If you find yourself hesitating and scared in social situations, then you probably realize how many opportunities for meeting and making friends you've missed out on. In this article, I'd like to share with you a set of techniques to overcome these reactions.
People usually make the mistake of thinking that having a great social life is reserved only for the most extroverted of us; while in reality , it boils down to having the right strategy.
The Difference Between Social Rejection And Normal Social Behavior
The common mistake is to interpret normal social behavior as rejection. Once you learn how to interpret what others are saying and doing, you'll realize how rare social rejection really is. For example, if someone doesn't have enough time for new friends, and can't meet you, it doesn't mean they're rejecting you.
See, even the most socially skilled people have this happen on a regular basis: they meet someone, the connection doesn't happen, they have nothing in common, they don't have time to meet, or the other person never calls because they're too busy.
The important thing is to accept this as a reality; not everyone you meet will be your friend, and not everyone who is interested in being friends with you will have the time for it.
Your best bet is to move on, and focus on learning how to make friends; as that's one of the most important life skills you can acquire.
Meeting New People: Private Venues vs. Public Venues
Meeting new people takes a lot of effort when you do not know how to do it. I really love efficiency, so I always focused on the quickest and easiest ways to meet new people.
I'd like to suggest that you probably think that public places, like pubs, clubs, and coffee shops can help you meet new people. Well, that's doing it the hard way. In public places, people usually come with their existing friends, and focus on them.
In private and semi-private places, you're way more likely going to meet interesting people that are compatible with you. These places can be birthday parties, private parties, or local communities you can find in forums, or meetup.com.
As a rule of thumb, go to places where people come alone or in pairs, and where it feels natural to everyone to walk up to someone and say, "Hi, my name is so and so."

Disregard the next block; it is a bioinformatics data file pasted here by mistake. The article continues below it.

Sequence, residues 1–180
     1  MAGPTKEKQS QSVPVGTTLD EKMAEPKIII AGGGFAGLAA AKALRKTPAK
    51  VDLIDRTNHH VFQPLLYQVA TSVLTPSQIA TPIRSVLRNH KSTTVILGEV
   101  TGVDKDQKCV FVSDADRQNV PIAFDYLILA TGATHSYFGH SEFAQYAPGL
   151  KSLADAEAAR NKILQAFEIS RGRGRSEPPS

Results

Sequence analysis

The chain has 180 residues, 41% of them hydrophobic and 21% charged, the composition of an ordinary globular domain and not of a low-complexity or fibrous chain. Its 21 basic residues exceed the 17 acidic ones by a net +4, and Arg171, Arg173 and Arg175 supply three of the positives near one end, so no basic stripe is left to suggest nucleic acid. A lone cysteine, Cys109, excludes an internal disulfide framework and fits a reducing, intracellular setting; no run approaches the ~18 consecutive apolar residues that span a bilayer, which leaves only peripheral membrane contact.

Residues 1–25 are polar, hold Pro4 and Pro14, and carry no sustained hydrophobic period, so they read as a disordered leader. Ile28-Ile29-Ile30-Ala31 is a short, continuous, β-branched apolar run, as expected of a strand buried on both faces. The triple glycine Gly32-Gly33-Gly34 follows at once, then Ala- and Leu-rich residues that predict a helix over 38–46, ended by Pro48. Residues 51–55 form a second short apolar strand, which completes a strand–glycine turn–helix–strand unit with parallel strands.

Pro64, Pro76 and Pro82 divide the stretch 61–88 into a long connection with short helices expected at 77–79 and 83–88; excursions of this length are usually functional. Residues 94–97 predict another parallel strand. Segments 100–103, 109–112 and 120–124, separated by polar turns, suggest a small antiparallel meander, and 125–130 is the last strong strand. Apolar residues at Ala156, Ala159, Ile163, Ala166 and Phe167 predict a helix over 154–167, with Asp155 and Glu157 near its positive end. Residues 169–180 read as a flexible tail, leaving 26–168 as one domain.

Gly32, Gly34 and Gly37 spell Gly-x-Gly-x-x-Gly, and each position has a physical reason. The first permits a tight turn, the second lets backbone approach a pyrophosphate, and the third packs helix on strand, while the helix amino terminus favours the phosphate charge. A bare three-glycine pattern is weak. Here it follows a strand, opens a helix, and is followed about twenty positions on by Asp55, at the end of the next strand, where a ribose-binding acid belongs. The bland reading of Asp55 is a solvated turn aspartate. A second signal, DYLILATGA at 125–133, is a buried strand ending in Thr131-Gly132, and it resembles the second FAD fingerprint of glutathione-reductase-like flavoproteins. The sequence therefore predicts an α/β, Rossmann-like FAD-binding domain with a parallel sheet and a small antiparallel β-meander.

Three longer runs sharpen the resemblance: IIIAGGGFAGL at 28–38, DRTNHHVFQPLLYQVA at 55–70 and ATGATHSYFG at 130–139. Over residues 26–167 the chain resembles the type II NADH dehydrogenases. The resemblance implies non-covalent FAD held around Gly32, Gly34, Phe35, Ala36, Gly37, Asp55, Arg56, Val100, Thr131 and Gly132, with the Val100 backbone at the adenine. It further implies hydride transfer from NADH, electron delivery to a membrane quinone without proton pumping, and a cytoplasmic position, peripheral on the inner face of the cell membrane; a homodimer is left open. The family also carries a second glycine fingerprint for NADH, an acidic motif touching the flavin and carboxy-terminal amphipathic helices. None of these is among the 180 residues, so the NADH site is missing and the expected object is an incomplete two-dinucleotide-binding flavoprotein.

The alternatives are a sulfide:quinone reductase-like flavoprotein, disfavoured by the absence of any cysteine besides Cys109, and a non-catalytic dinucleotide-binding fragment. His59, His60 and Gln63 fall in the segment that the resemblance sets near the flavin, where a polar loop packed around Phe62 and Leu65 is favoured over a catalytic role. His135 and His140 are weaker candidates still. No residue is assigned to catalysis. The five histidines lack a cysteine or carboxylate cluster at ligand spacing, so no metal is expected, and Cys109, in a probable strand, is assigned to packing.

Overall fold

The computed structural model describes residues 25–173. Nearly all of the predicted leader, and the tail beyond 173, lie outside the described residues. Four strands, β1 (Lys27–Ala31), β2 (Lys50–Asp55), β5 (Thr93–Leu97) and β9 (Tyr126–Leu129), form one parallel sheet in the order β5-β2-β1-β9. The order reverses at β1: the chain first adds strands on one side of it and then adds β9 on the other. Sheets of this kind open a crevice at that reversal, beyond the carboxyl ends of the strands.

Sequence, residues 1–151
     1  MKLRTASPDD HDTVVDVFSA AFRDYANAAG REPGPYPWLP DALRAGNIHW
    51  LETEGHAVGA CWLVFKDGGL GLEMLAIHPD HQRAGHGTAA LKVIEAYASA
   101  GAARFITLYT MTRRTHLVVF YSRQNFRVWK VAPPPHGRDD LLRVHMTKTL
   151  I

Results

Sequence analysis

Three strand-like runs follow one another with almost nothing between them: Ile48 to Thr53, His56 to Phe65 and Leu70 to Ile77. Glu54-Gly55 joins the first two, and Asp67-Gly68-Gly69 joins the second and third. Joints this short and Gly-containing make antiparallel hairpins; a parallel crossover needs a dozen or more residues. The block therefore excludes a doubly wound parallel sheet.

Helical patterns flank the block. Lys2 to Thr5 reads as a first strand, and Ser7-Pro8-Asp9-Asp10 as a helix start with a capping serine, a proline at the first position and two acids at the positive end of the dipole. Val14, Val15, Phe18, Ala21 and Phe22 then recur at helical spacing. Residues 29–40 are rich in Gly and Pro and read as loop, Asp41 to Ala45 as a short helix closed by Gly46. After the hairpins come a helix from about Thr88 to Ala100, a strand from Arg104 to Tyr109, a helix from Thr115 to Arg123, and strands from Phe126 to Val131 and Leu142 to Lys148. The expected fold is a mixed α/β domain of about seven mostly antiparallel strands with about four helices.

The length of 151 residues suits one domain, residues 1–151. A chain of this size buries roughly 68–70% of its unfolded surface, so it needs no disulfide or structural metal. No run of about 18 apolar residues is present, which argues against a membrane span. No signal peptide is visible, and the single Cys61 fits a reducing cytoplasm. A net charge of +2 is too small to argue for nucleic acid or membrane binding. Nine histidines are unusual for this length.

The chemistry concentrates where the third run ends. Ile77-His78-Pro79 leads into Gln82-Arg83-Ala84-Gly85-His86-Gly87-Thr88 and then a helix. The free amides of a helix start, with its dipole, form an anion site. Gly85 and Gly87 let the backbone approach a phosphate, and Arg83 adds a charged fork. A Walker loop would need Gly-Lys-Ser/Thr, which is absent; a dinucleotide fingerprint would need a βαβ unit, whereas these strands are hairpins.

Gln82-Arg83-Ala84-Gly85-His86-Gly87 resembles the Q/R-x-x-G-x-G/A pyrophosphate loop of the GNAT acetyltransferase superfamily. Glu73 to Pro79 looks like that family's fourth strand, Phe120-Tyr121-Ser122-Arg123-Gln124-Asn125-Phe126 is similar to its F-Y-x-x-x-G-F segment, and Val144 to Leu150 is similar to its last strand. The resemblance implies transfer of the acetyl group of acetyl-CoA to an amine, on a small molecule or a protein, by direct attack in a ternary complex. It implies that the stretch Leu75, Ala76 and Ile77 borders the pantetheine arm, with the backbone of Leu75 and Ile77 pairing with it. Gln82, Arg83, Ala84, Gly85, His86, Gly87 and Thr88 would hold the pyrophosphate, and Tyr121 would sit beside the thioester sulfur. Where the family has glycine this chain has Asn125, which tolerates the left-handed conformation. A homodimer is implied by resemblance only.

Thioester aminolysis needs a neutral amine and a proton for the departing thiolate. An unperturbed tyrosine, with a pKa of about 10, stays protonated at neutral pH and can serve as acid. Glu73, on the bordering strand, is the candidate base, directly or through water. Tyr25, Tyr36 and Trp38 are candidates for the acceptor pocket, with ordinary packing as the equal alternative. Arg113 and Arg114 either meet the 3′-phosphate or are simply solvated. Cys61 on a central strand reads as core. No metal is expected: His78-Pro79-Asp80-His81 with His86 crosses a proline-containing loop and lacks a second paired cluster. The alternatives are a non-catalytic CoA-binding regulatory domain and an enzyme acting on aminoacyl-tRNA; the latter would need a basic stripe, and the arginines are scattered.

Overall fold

When You Meet New People, See Through Their Eyes
When meeting people, you don't want to be in your head all the time, you have to focus outside yourself. You can achieve this by taking other people's perspectives when you first meet them. All you have to do is try to figure out how they're feeling, where they are in life, and what their unique opinions are.
If they share a situation that happened to them, imagine yourself in their shoes, and tell them what you would have felt in their place.
If you do this, you'll be regarded as a valuable person; a person who is generous and can stop thinking only of herself, to think about others. People really value those who can listen, understand, and tolerate. That's where you come in.
Get Others To Remember You By Showing Some Vulnerability
It is very important to get ready to open up a little more than usual, if you want to make friends. People need to know that you're able to trust them with some private information, before they can trust you with theirs.
This happens unconsciously of course; and politicians abuse this because they know it gets people to trust them. What you can do is be ready to share something quirky or funny about yourself; maybe a weird habit or a craving that makes you sound… human!
This instantly makes people want to get closer to you.
You don't have to reveal your wildest secrets here; all you have to do is show a little humanity in yourself by mentioning one of your quirks. People love this show of vulnerability, and will respect you for it.
Another way to do this is to avoid filtering your thoughts too much. Say more of what pops up in your head on the spot. This makes you sound like you're not hiding any weird agenda.
– Paul Sanders